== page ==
It had to happen. After books about individual decades came books about individual years. Now we get the book about a single season. Bill Bryson’s “One Summer” is the story of just four months — June to September 1927 — in the life of America. Four crucial months, needless to say — four months in which, Bryson contends, his homeland came to dominate the world in everything from banking to baseball and talkies to telly.
In anyone else’s hands, it should be said, this book could be an almighty mess — a circus without a ringmaster. But few writers of nonfiction, and, let’s be honest, few enough writers of novels, can crack the narrative whip like Bryson. “One Summer” fairly whirls along. Bryson moves his cast of colorful characters around with such silky efficiency you don’t mind that too many of them aren’t doing anything very interesting.
In chapter one, for instance, we meet a housewife, Ruth Snyder, and her corset salesman lover, Judd Gray. Together they have bumped off Snyder’s husband, stoving his head in with a sash-cord weight. A giant burglar with a foreign accent did it, Snyder tells the cops, though they aren’t listening. They’re more interested in why there is no sign of a break-in, not to mention the double indemnity insurance policy Snyder has just “tricked her unsuspecting hubby into signing.” It’s a fun story (so much fun the writer James M. Cain used it as the basis of two of his stories — “The Postman Always Rings Twice” and, of course, “Double Indemnity”), but quite what Bryson believes its impact beyond pulp novels is, I’m not sure.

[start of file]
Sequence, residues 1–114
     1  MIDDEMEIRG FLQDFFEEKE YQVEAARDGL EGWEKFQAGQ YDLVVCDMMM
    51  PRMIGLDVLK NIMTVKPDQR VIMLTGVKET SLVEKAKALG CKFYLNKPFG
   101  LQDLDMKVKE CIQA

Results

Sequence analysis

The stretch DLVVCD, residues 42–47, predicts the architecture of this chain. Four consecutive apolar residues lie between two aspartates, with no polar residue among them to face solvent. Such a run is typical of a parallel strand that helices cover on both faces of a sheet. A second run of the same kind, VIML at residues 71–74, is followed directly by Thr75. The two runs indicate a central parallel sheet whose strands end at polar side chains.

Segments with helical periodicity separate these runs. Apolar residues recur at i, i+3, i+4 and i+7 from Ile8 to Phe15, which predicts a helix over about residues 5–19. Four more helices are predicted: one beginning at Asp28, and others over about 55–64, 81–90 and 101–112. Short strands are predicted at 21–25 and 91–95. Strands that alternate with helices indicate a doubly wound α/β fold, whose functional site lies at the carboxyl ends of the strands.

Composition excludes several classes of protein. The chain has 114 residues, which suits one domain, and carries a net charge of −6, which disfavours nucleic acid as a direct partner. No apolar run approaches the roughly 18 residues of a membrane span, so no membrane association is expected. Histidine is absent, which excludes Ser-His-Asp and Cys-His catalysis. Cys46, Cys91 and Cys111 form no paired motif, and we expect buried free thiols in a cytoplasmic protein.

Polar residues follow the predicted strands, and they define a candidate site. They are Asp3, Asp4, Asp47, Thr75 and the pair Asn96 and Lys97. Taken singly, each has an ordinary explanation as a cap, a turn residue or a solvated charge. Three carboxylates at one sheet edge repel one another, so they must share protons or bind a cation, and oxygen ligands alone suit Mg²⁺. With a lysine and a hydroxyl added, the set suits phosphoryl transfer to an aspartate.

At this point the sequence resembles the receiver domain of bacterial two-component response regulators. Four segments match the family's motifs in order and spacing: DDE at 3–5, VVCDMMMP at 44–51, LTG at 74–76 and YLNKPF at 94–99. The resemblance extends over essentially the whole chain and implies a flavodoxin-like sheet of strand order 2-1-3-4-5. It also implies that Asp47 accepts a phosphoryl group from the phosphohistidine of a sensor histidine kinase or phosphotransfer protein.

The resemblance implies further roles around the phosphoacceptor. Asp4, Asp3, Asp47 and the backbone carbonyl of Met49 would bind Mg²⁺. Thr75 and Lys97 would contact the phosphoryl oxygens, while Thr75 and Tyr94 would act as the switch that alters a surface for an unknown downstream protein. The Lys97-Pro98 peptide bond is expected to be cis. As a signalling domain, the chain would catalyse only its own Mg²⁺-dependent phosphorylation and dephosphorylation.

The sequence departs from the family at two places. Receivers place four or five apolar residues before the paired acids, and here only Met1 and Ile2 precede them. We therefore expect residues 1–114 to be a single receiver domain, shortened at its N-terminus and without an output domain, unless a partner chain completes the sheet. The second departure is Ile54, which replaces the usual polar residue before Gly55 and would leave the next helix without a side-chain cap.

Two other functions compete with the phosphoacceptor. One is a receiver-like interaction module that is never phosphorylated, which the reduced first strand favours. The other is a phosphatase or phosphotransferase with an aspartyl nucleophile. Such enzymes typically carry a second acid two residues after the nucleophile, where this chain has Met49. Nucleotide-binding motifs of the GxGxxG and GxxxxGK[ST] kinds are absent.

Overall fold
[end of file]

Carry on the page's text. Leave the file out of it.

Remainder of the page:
Fortunately, the two hinges on which Bryson hangs his story are sturdy enough to carry all this surplus weight. First up is Charles Lindbergh, who in May 1927 became the first man to cross the Atlantic by plane. Sure, the story of The Spirit of St. Louis is familiar (so familiar you can’t help wondering if “One Summer” ‘s fidgety, catch-all form came into being in order to disguise the fact), but Bryson tells it with such brio that you don’t really mind.
The same goes double for the chapters on Babe Ruth. Even nonbaseball fans will be wowed by Bryson’s account of his astonishing summer — astonishing not just because he hit 60 home runs (a record not beaten for more than a third of a century), but because at 35, Ruth ought to have been far over the hill. How did he do it? With “a combination of power and timing so focused and potent that it generated 8,000 pounds of force … and, in the space of one thousandth of a second — the duration of contact — through the miracle of physics it converted the sizzling zip of an incoming 90-mph baseball into an outgoing spheroid launched cloudward at 110 mph.”
“One Summer” is full of such exhilarating, fact-filled fun. Here are just a few of the things I learned from it. Sausages retain their heat longer than any other cooked meat product — hence the hot dog. The presidents’ eyes on Mount Rushmore are wide enough to accommodate a car lengthwise. The masts on skyscrapers were designed for airships to moor up at. In order to keep the weight in his plane down Lindbergh trimmed the white edges off his maps. When George V met Lindbergh he asked him not that most traditional of royal questions about whether he had come far but how he had managed to pee while doing so.
No, it’s not earth-shattering stuff, but I suspect Bryson is wise to the fact. Once Lindbergh had crossed the Atlantic, Bryson tells us, America needed another “sublimely pointless distraction.” Enter Shipwreck Kelly, a Manhattan sailor who climbed to the top of a 50-foot (15-meter) flagpole on the roof of Newark’s St. Francis Hotel and … sat there … And sat there … And sat there … And people flocked to see him.
Just as they’ll flock to buy “One Summer,” surely the most sublime distraction published this year.